Pinenes: baked goods, smoked and grilled food, candy, chewing gum, ice cream, black pepper
Cow's milk
Food additives: aspartame, sodium benzoate, tartrazine, vanillin, eugenol, caffeic acid, cinnamic acid, vitamis C and E

Nuts: Kola, betal, walnuts
Fruits: cassava, cranberry, raspberry, blackberry, cherry, banana, apple, pear, grape skins, peach avocado
Drinks: tea, mate, fruit juice, beer, wine, liquors, water, coffee, guarana
Food additives: vanillin
Spices: ajowan, coriander, cumin, black pepper, red chilies, rosemary, garlic, ginger

Vegetables: garlic, onion, shallot, chive, leek
Assuming that foods containing thiol, phenol, and polyphenolic compounds may contribute to pemphigus, avoidance of certain foods may lead to remission.

Ultraviolet radiation

Pemphigus is considered a photosensitive disease, especially the superficial variant pemphigus erythematosus. Ultraviolet radiation, either occupation- or leisure-related, can induce or exacerbate the clinical manifestation. Whether the phototoxic reaction is a simple one or entails specific immune system stimulation remains to be determined.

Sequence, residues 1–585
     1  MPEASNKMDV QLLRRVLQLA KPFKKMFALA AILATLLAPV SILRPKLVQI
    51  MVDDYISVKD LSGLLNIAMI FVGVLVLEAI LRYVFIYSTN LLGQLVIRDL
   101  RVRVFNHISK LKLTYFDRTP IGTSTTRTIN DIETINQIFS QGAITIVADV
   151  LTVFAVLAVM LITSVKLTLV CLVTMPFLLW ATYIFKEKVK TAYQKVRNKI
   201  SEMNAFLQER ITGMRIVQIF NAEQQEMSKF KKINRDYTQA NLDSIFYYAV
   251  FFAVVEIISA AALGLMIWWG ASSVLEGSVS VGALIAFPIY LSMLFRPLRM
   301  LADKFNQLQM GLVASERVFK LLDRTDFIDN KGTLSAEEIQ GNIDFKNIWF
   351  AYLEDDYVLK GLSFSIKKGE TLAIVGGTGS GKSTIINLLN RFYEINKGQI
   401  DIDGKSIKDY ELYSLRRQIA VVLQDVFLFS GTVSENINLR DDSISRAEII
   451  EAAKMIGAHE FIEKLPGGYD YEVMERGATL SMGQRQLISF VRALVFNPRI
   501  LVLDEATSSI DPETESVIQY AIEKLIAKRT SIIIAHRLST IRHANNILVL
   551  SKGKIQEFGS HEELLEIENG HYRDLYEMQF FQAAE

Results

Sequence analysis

Physical factors such as x- ray radiotherapy, burns, major surgery and cosmetic procedures have also been reported capable of inducing pemphigus.


The well-known connection between the immune and nervous systems raises the possibility that a psychoneural disorder can influence the onset and course of autoimmune disease. Several studies and case reports point to the possible contribution of emotional stress as a precipitating factor in pemphigus. Hence, avoiding emotional stress may be therapeutic in pemphigus patients, hastening the healing process and reducing or stopping the use of immunosuppressive drugs.

In summary, while the myriad causes of pemphigus complicate the differential diagnosis and course of the disease, it also points to the numerous factors that can help in its diagnosis and treatment. These factors have been documented in the studies cited here. The acronym is suggested to give clinicians a tool to pinpoint possible causes and prevent flare-ups in every newly diagnosed pemphigus patient.